What Men Want… in the Bed and Beyond

What do men really want, both in bed and in their emotional relationships with their mates? And if a married man ogles other women in front of his wife, what does it really mean? Got a question? E-mail us.

Q: Can you tell me how long good sex should last?

Q: How do men like to be treated in love and sex?

A: Answering this pair of reader questions is a little like trying to explain who was better, Mozart or Muddy Waters. There’s no right answer.

Ideally, good sex lasts a lifetime, but I don’t think that’s what the reader means. She probably means “how long should good sex last each time you do it?” to which experts we consult about such things always say the same thing: long enough.

So if you get the sudden urge for a morning quickie that still allows you to catch your bus on time, that can be good sex. Or if you wake up one Sunday craving Bloody Marys and the kind of sex that finds you crumpled in a sweaty, gooey heap nine hours later, that can be good sex, too.

Now, as to the other reader's question about how men want to be treated in love and sex, well, bless you for asking. Really. But when it comes to sex, again, there is no right answer. I’ve met guys who want to be ritually abused with static electricity, guys who want to service a woman like a pagan slave boy, and guys who would love to eat a pepperoni-double-cheese-pizza while a woman takes care of business. Possibly the only accurate generalization we can make is that men — and women too — like variation.

As for love, the one thing I think is true for most men is that we want to be understood. We are not stereotypes any more than women are stereotypes. Surveys such as msnbc.com's "Lust, Love & Loyalty" show that sex is not the sole, or even the most common, reason men cheat. Often the paramour is not as attractive as the wife or girlfriend. Male infidelity has much more to do with feeling competent, wanted, respected and, well, manly in that old-fashioned way that used to be considered a virtue until it came to be regarded a menace.

Q: The last couple years I have noticed my husband making eye contact with any woman in sight. When we go for a drive he checks out every woman in the opposite lane. He says he is not looking, but it’s obvious. Our sex life is good, and I have been told I look 28 even though I am 46. So what can I do? He makes me feel unloved and worthless.

A: Have you told him that he makes you feel unloved and worthless? If not, you should. Then you can tell him there is a lot of science to support you.

Studies of “body dissatisfaction,” “social physique anxiety” and “social comparisons” usually boil down to the same results. When women compare themselves to other women, they often compare “upwards,” meaning they compare themselves to women who are leaner and more attractive. And when they do, concluded a Kent State University study, women feel "increases in daily negative affect, body dissatisfaction, and weight-related cognitions.”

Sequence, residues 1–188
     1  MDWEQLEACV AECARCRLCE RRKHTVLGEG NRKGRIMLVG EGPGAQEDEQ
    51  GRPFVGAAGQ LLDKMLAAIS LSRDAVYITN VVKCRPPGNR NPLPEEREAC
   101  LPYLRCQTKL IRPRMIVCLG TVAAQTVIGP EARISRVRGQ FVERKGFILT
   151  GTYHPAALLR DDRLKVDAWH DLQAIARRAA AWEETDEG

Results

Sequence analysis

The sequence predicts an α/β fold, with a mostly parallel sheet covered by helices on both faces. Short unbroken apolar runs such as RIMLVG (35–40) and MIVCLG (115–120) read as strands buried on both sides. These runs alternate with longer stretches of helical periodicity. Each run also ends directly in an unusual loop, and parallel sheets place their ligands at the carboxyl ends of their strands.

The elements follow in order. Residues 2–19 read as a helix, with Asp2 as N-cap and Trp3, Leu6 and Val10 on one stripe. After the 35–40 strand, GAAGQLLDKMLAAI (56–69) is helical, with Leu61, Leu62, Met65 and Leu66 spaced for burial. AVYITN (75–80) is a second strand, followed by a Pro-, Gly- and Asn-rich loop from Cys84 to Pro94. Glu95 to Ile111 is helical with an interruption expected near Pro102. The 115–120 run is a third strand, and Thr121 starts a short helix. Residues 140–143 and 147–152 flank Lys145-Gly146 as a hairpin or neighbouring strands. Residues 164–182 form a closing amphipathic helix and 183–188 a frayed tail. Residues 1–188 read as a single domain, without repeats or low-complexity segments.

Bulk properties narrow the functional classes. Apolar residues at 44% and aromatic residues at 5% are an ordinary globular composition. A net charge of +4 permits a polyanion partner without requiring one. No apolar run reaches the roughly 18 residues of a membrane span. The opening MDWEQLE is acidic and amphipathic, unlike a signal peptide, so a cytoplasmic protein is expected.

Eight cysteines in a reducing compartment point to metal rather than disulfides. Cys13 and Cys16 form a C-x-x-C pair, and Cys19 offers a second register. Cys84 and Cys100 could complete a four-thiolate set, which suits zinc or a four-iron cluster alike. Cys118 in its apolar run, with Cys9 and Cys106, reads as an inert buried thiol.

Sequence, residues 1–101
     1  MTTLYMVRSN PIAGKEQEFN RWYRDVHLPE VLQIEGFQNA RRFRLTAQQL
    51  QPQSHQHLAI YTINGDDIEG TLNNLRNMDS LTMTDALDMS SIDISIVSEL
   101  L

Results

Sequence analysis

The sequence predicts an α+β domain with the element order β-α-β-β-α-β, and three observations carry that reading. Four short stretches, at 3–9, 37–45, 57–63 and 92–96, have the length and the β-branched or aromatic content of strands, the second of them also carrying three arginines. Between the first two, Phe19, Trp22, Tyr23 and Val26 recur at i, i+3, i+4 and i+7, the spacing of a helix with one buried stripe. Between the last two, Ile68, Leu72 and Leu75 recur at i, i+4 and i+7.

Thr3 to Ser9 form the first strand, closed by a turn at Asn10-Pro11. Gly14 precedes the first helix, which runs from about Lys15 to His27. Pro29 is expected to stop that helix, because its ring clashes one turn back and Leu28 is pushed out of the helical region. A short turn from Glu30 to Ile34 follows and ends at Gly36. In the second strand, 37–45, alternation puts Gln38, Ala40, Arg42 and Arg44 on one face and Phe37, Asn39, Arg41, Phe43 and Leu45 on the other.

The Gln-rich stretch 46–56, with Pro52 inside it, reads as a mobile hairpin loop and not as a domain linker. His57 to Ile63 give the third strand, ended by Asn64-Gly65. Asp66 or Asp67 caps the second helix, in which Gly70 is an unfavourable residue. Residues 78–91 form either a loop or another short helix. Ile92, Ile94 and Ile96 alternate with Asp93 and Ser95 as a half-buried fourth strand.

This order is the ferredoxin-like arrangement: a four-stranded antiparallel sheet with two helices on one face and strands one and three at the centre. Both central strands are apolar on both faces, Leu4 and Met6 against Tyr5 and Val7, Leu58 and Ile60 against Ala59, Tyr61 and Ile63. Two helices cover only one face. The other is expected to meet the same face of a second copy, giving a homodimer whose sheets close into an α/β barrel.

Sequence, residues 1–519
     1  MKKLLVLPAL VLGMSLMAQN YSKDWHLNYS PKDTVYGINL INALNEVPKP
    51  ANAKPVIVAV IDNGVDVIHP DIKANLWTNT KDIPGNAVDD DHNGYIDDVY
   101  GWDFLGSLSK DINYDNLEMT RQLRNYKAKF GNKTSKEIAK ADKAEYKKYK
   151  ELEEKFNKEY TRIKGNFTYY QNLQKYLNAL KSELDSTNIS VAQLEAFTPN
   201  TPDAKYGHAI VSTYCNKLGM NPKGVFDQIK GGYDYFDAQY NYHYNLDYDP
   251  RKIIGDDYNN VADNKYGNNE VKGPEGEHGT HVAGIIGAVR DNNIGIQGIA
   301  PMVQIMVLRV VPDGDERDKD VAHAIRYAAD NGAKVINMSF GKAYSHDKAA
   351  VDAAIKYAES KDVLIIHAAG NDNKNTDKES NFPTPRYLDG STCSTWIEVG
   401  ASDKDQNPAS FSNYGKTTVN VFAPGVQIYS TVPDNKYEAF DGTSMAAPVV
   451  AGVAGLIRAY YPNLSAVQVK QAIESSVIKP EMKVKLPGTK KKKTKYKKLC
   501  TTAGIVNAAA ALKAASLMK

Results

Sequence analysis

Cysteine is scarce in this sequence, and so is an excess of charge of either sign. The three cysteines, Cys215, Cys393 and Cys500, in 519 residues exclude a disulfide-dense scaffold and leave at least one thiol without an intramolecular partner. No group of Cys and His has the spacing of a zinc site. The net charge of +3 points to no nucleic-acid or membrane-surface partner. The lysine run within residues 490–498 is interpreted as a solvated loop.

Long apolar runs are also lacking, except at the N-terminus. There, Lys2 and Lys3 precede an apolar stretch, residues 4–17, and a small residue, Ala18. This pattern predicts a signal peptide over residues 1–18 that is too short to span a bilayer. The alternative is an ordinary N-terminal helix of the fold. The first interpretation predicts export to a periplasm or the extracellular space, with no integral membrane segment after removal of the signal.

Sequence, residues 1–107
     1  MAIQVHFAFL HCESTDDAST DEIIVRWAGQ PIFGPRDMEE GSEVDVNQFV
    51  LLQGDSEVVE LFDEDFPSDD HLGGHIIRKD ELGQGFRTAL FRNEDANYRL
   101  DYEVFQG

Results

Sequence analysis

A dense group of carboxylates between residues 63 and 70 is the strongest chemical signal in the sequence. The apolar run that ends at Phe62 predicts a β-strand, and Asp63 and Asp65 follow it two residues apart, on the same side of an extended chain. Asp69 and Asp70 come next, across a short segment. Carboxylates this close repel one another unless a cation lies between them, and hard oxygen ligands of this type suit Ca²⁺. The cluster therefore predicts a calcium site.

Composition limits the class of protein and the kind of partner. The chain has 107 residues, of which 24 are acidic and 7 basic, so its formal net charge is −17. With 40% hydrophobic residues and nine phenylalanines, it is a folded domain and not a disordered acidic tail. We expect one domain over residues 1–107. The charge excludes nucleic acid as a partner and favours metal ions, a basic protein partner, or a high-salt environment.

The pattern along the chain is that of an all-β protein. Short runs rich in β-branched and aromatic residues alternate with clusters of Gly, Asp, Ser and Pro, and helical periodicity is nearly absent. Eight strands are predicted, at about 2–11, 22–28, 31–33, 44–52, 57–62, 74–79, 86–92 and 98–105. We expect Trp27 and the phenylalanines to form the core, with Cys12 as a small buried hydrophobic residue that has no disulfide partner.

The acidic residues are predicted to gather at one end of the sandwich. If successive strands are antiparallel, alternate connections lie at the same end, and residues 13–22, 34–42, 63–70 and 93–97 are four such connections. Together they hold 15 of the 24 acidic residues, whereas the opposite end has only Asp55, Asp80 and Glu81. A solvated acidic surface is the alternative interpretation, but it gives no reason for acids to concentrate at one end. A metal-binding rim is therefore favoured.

When the man you love seems to do the comparing you can’t avoid it.

It is normal and natural for all of us, men and women, to look at attractive people. Men are going to do this no matter how much we love the women in our lives. Some women are more comfortable with this instinct than others, seeing it as a sign of life (as men sometimes say, we’re married, not dead), but courtesy dictates a little discretion and consideration for the feelings of the person you love.

Some women defuse the situation by commenting on the women the guy is ogling. As one woman told me, “I’ll say, ‘Yeah, she’s hot,’ or ‘Nice rack, huh?’ and somehow he loves me more because I’m not punishing him.” Other women make a point to look at hunky men. Isn’t that what that whole “Wrangler Butts Drive Me Nuts” thing is about?

I am not suggesting you should do either. Both you and he should respect your feelings. But you might suggest he confine his head turning to times when he’s not with you and then cite this following bit of research, based on a poll of 3,627 women and published in 2000 in the International Journal of Eating Disorders, as incentive for him to start making you feel like the most beautiful woman in the world:

“Women more satisfied with body image reported more sexual activity, orgasm, and initiating sex, greater comfort undressing in front of their partner, having sex with the lights on, trying new sexual behaviors, and pleasing their partner sexually than those dissatisfied.”

That ought to convince him to amend his obvious ogling ways.

Brian Alexander is the author of the new book “America Unzipped: In Search of Sex and Satisfaction."

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